Took a late call on this one as Rachel sorted out the loan of her dad's car for the night, so we hit the road at 6.30, motoring down to Bristol with the intention to go to this gig, but with a back up plan (Cosmic Rough Riders at the Fleece!) if this was a sell-out. Luckily, we joined a surprisingly long queue and got the last couple of balcony seats, getting in in time to catch first band, the excellently-named local lot Nuclear Fish, who peddled a fairly standard okay-ish guitar rock, including a cover of John Lennon's "Working Class Hero" which went over the heads of most of the Feeder audience, comprised mainly of teenage girls! Did I take a wrong turn and end up at a Hockey International or what?
Anyway, we had My Vitriol to distract us from the squeaky hordes, and tonight's packed-out show was an opportunity to suss out how MV might handle the inevitable step-up to headliner status at this size of venue. I'm pleased to report that the lads (and lass) done great. Appearing onstage in a squall of exciting guitar noise, they immediately burst into primal roar mode with the thrilling "Losing Touch", and kept the foot on the loud pedal throughout. I'm not sure what the squeaking hordes made of their predilection for juxtaposing ethereal guitar shimmering and downright ear-splittingly evil rock, but I bloody loved it, and couldn't help but feel a swell of pride at how great this set was, how much it filled this cavernous venue to bulging point. Titanic single "Always: Your Way" was the highlight, before a tempo changing instrumental finale culminated in vocalist Som howling inarticulately into the mic and laying down the squalls of feedback to which they exited the stage. Their "Folk Song Crisis" perhaps?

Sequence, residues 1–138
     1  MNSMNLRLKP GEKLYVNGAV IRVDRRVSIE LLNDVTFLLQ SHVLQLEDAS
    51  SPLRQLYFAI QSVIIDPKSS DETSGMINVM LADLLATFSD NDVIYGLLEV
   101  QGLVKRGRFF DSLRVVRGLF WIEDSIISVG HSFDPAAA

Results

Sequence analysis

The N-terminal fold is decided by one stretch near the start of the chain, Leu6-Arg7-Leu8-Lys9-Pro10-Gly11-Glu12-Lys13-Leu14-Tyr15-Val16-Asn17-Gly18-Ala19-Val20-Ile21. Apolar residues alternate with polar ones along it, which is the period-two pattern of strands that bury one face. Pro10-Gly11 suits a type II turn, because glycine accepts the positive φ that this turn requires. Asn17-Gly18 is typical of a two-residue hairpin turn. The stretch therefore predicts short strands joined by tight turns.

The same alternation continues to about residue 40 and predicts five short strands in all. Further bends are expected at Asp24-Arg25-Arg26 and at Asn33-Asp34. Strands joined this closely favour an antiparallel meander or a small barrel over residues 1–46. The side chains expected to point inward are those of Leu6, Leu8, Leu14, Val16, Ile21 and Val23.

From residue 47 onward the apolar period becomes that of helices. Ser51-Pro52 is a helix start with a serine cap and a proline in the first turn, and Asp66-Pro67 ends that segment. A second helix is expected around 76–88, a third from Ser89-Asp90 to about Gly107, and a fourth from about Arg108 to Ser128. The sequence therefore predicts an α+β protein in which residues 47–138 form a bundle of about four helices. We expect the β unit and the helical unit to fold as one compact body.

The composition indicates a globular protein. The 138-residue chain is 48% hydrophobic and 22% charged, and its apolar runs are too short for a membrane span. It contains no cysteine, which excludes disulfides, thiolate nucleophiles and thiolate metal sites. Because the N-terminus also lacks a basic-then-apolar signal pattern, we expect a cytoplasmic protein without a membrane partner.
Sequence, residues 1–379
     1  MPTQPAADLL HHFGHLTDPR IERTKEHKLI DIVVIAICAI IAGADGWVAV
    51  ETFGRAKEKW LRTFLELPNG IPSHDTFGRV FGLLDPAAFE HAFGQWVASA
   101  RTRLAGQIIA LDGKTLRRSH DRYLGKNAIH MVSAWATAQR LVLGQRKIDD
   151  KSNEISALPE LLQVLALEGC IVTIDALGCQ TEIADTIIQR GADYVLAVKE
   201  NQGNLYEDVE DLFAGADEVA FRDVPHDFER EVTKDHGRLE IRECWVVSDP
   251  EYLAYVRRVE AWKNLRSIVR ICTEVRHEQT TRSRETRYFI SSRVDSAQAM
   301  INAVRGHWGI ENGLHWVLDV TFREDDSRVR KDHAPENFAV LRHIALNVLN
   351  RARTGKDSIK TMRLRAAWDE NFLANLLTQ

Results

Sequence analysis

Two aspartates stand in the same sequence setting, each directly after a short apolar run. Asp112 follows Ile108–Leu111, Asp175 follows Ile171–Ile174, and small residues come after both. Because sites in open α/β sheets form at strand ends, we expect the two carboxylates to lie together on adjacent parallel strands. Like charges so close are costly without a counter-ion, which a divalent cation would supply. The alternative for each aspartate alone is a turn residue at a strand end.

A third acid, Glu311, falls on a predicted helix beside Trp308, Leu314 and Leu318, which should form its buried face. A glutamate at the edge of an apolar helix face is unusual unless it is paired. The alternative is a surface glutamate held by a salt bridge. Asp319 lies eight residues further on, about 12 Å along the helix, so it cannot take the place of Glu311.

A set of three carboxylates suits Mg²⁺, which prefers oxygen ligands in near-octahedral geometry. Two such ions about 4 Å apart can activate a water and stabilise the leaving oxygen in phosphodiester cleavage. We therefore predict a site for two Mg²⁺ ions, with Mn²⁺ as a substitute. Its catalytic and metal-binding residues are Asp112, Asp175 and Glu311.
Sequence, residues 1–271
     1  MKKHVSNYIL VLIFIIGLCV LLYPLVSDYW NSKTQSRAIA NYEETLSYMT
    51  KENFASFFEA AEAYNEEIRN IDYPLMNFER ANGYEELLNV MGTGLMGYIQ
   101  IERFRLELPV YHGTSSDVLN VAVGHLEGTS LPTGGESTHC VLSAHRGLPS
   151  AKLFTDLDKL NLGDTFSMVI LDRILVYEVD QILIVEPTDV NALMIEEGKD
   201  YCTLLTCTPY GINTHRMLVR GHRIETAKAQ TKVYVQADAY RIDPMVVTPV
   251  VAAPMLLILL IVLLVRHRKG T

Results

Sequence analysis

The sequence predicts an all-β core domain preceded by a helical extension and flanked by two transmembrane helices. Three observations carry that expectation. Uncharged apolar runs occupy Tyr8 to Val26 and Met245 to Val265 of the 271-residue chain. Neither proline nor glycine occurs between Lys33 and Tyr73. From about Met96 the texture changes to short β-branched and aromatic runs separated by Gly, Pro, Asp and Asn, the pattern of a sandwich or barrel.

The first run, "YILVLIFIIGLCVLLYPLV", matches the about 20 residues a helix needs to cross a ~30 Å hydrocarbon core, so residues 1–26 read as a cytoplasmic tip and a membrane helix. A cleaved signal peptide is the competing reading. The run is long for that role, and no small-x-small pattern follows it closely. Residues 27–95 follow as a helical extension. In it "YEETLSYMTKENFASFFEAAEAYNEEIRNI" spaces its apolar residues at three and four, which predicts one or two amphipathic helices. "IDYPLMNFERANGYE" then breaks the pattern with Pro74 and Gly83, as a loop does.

Chilled out in the bar before taking our seats for headliners Feeder, passing MV guitarist Seth and having a few congratulatory words on the way. After the titanic noise of MV, Feeder were always onto a loser for me, and the 5 minutes after the lights went out that they kept us waiting for, before taking the stage, was a no-no as well. They gave it a real shot, however, and I confess I enjoyed them tonight. After dodgy tuneless beginnings (and dodgy boiler suits, back at Reading a few years back!) Feeder have evolved into a noisier Stereophonics with better tunes, and the attitude of mid-80's Bono from their obvious heroes and emulatees U2. Recent single "Buck Rogers", appropriating the same insistent guitar riff as the late lamented Julie Dolphin's "Birthday", was a goodie, and I also liked a few of the newies from forthcoming CD "Echo Park", but that was about it. They're OK, loud and fast, and I'd much rather the kids listen to Feeder than Eminem, but I'd prefer more invention and originality. Luckily, though, tonight we got that - in spades - from My Vitriol!